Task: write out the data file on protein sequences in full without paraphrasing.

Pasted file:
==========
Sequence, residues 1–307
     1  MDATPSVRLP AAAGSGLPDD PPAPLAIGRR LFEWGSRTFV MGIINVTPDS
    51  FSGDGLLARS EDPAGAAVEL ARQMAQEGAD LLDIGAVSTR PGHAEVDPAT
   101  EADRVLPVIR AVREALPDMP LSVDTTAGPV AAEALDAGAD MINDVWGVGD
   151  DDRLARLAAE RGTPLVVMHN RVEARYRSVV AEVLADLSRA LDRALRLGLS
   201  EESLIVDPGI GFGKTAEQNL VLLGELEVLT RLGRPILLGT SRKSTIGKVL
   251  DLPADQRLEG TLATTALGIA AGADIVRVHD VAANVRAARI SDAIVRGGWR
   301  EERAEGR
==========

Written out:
Sequence, residues 1–307
     1  MDATPSVRLP AAAGSGLPDD PPAPLAIGRR LFEWGSRTFV MGIINVTPDS
    51  FSGDGLLARS EDPAGAAVEL ARQMAQEGAD LLDIGAVSTR PGHAEVDPAT
   101  EADRVLPVIR AVREALPDMP LSVDTTAGPV AAEALDAGAD MINDVWGVGD
   151  DDRLARLAAE RGTPLVVMHN RVEARYRSVV AEVLADLSRA LDRALRLGLS
   201  EESLIVDPGI GFGKTAEQNL VLLGELEVLT RLGRPILLGT SRKSTIGKVL
   251  DLPADQRLEG TLATTALGIA AGADIVRVHD VAANVRAARI SDAIVRGGWR
   301  EERAEGR